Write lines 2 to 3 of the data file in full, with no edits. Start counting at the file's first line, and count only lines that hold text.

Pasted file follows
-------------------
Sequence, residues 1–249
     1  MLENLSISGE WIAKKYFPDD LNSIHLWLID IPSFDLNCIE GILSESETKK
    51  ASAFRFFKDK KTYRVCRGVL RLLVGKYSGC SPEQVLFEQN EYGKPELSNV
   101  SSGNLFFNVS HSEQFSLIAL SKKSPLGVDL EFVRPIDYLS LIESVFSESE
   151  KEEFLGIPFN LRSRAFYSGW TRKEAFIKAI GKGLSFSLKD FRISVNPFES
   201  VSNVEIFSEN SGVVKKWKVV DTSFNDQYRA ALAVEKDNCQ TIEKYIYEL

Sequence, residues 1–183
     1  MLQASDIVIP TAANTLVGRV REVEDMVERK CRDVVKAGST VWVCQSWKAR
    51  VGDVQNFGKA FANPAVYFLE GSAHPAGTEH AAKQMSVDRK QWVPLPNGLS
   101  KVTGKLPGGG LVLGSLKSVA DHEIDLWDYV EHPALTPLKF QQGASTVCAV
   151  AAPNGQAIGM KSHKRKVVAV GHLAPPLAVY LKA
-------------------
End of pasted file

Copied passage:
     1  MLENLSISGE WIAKKYFPDD LNSIHLWLID IPSFDLNCIE GILSESETKK
    51  ASAFRFFKDK KTYRVCRGVL RLLVGKYSGC SPEQVLFEQN EYGKPELSNV